More Illness From Synthetic pot Likely
More Illness From Synthetic pot Likely

More Illness From Synthetic pot Likely

For those who like their mind-altering herbs sprayed with dangerous chemicals and sold to them in gas stations, there’s always synthetic cannabis. The designer drug, branded as ”herbal incense” or a “herbal smoking blend,” is often sold in convenience stores and gas stations — and it’s nothing like cannabis. Nicknamed ”synthetic marijuana” because of its origins as a cheap, legal alternative to marijuana, a spat of new research has shown synthetic cannabis (also known as “K2” or “Spice”) can prompt psychosis, both short and long-term. Worse? It’s getting more dangerous, and it’s not going anywhere.

Dr. Andrew Monte, the paper’s lead author and an assistant professor in emergency medicine and medical toxicology at the University of Colorado School of Medicine, said 263 people visited area emergency rooms, mostly young men.

Symptoms included altered mental status, irregular heart beat and seizures. “The care of most patients was managed in the emergency department, but seven patients required admission to intensive care units,” authors wrote.

The outbreak then ended abruptly. Only 10 cases were reported at the same hospitals from Sept. 13 to Oct. 25.

“These substances are not benign,” Monte said in a prepared statement. “You can buy designer drugs of abuse at convenience stores and on the Internet. People may not realize how dangerous these drugs can be — up to 1,000 times stronger binding to cannabis receptors when compared to traditional marijuana.”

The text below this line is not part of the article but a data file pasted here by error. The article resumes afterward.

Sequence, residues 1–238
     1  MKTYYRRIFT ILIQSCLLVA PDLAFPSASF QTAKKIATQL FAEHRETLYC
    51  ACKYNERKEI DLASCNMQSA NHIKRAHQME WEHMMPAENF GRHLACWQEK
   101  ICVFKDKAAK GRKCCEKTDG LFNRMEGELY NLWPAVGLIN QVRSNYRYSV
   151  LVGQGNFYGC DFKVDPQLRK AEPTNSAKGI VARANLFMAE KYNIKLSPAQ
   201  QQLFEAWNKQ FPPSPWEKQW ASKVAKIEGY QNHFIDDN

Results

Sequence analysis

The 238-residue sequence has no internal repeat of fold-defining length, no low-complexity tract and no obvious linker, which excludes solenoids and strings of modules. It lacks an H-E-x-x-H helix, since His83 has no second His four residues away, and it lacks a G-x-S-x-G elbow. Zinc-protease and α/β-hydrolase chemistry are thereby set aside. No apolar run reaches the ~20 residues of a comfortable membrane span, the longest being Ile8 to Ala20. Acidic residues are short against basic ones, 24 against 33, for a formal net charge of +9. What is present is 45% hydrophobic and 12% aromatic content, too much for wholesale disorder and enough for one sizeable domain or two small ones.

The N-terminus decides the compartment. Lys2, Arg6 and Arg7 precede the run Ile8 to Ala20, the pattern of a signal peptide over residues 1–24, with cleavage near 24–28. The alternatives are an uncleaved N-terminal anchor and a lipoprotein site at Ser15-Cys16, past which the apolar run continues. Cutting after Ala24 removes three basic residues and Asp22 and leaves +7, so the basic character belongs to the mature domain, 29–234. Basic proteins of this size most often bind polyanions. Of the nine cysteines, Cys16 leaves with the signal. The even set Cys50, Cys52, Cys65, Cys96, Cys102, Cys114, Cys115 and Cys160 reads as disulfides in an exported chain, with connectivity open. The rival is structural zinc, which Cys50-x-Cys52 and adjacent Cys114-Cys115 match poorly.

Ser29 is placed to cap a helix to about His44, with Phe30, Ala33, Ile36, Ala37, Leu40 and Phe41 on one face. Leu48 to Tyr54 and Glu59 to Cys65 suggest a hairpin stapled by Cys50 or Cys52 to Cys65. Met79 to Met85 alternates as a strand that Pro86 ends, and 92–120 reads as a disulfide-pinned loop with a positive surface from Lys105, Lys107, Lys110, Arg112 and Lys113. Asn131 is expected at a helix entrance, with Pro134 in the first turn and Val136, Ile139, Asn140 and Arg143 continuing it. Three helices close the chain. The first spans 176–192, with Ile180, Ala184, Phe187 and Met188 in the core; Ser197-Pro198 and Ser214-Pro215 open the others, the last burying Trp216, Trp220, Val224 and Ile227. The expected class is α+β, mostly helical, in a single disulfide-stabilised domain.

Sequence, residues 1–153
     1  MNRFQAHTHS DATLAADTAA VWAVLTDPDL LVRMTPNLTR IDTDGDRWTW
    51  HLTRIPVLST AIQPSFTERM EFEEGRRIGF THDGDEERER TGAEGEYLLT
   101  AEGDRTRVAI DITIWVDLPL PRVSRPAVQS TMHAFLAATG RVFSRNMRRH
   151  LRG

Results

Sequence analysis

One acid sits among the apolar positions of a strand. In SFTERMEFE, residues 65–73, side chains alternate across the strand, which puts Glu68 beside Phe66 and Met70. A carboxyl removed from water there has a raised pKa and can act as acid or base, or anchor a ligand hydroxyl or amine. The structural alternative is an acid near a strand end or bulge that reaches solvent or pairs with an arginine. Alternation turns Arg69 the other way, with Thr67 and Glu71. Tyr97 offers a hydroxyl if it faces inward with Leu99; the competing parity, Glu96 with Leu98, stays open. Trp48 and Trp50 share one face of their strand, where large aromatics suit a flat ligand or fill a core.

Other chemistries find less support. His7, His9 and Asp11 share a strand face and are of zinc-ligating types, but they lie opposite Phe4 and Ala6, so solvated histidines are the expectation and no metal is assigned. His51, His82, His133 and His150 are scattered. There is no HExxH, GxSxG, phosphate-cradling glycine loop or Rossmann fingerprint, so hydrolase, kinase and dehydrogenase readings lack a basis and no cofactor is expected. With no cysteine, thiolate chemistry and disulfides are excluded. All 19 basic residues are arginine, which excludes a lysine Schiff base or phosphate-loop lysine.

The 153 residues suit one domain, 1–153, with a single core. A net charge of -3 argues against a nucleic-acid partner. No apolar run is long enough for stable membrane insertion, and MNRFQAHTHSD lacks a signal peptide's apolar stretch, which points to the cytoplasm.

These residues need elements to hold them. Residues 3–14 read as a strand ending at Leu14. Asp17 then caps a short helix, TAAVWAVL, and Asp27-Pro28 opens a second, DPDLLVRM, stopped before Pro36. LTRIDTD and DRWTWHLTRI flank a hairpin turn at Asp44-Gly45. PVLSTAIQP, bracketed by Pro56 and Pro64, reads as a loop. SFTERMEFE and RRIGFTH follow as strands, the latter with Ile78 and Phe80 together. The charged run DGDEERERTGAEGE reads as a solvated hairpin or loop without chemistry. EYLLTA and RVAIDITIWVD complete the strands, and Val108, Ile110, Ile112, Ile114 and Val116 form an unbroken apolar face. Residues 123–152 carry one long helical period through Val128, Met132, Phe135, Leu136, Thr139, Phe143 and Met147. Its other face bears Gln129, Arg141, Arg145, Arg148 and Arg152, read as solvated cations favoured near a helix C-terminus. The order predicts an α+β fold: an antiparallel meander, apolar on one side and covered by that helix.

Hospital staff members and police recovered several brands of the products from the patients and studied them using mass spectrophotometry. The synthetic cannabinoid they found was a molecule called ADB-PINACA, which cannot yet be detected in blood or urine, authors wrote.
“Outbreaks like this are likely to keep happening,” Monte said. “We need better testing to identify these subsatnces, open communication with public health officials when outbreaks occur, and we need to make sure more physicians ask patients the right questions about their drug use.”

About the University of Colorado School of Medicine

Faculty at the University of Colorado School of Medicine work to advance science and improve care. These faculty members include physicians, educators and scientists at University of Colorado Hospital, Children’s Hospital Colorado, Denver Health, National Jewish Health, and the Denver Veterans Affairs Medical Center. Degrees offered by the CU Denver School of Medicine include doctor of medicine, doctor of physical therapy, and masters of physician assistant studies. The School is located on the University of Colorado’s Anschutz Medical Campus, one of four campuses in the University of Colorado system. For additional news and information, please visit the CU Denver newsroom online.

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